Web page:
Because it is an objective of the present invention to conserve bandwith, the presently depicted system controls the timing for the return of an error message. The system also controls the number of times an error correction transmission is sent. Either or preferably both of these steps minimize the number of transmissions necessary to complete error correction by eliminating piecemeal error reports and continuing repeat loops of error reports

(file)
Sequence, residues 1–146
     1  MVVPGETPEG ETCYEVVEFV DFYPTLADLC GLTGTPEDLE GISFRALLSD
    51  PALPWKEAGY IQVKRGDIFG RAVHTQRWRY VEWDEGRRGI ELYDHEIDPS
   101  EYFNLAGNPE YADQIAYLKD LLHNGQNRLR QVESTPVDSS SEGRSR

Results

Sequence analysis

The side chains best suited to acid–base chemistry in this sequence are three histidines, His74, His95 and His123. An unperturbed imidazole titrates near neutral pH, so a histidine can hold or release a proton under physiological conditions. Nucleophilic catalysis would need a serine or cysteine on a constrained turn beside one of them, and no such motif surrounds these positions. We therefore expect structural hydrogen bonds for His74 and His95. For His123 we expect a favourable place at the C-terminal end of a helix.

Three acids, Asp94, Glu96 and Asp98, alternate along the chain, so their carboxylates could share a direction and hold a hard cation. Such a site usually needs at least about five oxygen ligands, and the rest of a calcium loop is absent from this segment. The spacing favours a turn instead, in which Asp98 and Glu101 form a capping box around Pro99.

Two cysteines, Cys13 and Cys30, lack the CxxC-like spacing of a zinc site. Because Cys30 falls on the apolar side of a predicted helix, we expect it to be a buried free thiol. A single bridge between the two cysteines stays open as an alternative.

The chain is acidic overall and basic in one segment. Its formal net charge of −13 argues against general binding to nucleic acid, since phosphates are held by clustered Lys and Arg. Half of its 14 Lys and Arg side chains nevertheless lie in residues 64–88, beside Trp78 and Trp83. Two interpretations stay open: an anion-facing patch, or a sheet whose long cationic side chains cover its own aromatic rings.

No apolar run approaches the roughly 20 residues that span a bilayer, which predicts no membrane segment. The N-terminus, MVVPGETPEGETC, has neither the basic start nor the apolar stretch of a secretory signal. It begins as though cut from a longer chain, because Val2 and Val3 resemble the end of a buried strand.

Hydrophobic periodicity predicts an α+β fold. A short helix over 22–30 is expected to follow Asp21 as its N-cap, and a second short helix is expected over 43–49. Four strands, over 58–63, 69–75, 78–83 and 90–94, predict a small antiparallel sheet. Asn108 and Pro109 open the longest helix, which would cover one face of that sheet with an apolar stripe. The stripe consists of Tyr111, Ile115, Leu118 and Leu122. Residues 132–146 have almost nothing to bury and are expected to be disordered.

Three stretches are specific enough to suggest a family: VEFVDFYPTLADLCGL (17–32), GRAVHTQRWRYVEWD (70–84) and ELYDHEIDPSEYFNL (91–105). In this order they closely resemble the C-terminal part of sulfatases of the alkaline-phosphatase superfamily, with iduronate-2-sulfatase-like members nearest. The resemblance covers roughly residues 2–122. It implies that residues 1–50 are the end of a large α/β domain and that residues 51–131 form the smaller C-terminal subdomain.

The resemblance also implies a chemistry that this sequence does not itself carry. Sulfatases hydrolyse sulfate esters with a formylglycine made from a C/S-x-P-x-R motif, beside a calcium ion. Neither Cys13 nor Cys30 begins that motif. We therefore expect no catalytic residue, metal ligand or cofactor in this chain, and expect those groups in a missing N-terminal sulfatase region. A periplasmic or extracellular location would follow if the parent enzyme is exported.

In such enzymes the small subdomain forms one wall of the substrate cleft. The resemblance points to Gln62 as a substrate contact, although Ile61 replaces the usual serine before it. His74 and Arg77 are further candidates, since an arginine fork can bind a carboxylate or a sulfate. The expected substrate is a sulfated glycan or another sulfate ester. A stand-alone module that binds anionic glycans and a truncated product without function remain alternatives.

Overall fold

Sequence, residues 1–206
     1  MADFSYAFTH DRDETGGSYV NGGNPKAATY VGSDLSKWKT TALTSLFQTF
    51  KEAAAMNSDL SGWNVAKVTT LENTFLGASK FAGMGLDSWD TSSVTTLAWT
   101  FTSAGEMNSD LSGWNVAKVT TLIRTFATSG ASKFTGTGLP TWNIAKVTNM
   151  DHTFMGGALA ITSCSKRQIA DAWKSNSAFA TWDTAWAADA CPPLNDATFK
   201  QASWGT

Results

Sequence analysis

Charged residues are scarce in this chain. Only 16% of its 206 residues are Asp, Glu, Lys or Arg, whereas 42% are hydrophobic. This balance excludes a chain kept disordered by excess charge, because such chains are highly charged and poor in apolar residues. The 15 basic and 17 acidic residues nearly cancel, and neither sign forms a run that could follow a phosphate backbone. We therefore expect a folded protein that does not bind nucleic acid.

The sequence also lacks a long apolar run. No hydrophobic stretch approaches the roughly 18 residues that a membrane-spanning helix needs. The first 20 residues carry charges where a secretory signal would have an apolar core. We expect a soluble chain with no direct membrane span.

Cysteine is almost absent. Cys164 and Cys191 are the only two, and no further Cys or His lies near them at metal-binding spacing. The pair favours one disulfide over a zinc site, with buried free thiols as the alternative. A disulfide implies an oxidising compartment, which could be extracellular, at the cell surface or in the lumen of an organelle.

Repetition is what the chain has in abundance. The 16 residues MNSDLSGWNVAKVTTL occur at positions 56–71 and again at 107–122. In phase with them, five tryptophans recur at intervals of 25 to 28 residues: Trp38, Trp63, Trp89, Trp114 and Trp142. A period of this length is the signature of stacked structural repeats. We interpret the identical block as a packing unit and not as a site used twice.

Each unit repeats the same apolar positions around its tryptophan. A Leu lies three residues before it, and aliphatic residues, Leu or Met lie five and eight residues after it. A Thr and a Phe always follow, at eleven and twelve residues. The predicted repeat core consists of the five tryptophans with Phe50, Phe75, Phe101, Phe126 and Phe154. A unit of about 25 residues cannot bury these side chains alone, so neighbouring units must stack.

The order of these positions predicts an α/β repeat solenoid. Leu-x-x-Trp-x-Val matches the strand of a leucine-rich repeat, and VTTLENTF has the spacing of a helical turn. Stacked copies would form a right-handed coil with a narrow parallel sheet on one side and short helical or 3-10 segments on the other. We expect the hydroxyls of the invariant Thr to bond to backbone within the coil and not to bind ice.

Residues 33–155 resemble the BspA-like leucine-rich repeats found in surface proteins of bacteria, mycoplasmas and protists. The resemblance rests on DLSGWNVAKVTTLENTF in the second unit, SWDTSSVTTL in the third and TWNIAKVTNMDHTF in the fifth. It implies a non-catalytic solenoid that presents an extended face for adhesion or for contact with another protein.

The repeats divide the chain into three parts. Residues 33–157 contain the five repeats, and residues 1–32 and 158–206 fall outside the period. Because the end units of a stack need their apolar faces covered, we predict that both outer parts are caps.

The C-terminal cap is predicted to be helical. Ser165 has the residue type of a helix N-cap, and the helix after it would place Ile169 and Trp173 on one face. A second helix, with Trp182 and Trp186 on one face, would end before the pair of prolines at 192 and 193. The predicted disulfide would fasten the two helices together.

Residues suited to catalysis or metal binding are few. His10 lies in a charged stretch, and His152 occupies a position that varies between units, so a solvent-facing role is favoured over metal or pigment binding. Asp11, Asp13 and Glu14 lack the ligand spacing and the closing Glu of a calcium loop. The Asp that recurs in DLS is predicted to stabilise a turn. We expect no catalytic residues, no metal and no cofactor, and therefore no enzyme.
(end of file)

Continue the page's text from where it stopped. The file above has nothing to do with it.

Termination is done by sending another status report request 330. Thereafter the command is sent to release the port being used and reset the receiver controller to a ready status, 332. In the depicted embodiment, the process takes advantage of the option of restoring data for getting the successive transmissions and for indicating to the user that some steps need to be taken for an error that cannot be corrected by the retransmission of error packets. Accordingly, in step 334 the final status reports (step 330) are reviewed and their data collected. A final, augmented or separate report may be generated and sent including statistical information, for example error rates or totals. A delivery report is prepared 336 and operators alerted if a transmission contains an error that cannot be corrected by retransmission of the error packets. The type of error can be indicated with an error type code. Thereafter, the process terminates 338.